In A Season of Gifts, Richard Peck returns to rural Illinois and the small town that larger-than-life Mrs. Dowdel calls home. This time, the year is 1958 and Elvis, television and Civil Defense are the buzz words of the day when the Barnhardts move into town. A poor Methodist preacher in a town of "foot-washers," Mr. Barnhardt and his wife have their work cut out for them, as do their children - narrator, 12-year-old Bob, younger sister Ruth Ann, and Phyllis, a high-schooler on the road to trouble. Local kids don't feel any brotherly love for PK's (preacher's kids).
Although each of the books in this companion set A Season of Gifts (A Year Down Yonder and A Long Way from Chicago) has its own narrator, it is the over-sized, outrageous Mrs. Dowdel who dominates the story. And though she "doesn't neighbor," and is often trigger-happy,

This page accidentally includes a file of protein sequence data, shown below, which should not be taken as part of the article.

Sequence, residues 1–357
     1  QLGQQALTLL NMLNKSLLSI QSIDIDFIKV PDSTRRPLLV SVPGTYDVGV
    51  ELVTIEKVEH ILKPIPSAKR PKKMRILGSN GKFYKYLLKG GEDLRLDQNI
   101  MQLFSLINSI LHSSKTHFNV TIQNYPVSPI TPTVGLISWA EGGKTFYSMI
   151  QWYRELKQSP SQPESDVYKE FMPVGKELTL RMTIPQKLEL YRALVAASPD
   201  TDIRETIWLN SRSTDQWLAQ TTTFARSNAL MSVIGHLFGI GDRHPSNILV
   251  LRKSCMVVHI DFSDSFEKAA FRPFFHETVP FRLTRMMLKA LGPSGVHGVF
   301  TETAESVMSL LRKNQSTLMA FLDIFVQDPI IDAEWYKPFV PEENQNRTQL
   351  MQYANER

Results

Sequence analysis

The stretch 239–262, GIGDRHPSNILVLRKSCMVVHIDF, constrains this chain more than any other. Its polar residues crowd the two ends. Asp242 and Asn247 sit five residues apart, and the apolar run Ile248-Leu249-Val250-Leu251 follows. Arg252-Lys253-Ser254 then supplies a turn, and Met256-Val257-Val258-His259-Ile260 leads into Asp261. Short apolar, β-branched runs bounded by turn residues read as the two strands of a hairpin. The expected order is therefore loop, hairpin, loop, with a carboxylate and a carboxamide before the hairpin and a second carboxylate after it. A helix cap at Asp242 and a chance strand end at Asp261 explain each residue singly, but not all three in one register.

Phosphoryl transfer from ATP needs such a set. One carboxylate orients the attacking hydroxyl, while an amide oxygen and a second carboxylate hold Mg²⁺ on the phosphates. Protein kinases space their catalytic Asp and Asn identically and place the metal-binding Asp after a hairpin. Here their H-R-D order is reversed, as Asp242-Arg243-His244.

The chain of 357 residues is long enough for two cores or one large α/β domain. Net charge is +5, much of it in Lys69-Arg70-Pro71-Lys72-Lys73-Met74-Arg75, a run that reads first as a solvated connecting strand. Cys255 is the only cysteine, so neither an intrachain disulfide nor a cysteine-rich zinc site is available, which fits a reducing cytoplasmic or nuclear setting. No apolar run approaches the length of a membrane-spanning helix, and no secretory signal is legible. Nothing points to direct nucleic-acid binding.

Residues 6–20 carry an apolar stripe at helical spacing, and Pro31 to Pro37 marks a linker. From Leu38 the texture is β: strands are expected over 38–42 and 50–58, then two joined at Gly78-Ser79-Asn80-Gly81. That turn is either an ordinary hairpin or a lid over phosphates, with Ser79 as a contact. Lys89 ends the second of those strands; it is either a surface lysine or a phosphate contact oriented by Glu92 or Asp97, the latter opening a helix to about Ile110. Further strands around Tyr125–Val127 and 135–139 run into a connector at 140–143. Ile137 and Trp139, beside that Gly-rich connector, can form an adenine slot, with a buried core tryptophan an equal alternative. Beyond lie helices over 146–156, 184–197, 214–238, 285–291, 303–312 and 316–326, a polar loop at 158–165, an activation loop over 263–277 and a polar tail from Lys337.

I'm about a squat jump away from a loaded Winchester 21, ...and I'm as tetchy as a bull in fly time,underneath her flap hat, apron, boots, and afghans, she's got a heart of gold.
Like a master comedian, storyteller, or practical joker, Peck takes his time in setting up the dry humor that characterizes Mrs. Dowdel. The reader, so engaged in the story, never sees the setups that span a chapter, two chapters, even the entire book. Mrs. Dowdel is always one step ahead.
A Year Down Yonder is still my favorite, but A Season of Gifts runs a close second. Highly recommended.